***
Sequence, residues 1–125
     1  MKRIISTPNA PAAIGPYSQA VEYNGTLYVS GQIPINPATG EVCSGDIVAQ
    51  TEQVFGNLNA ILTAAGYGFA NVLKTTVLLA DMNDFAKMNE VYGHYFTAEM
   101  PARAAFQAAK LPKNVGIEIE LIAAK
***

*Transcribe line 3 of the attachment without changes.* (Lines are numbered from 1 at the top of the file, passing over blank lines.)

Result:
    51  TEQVFGNLNA ILTAAGYGFA NVLKTTVLLA DMNDFAKMNE VYGHYFTAEM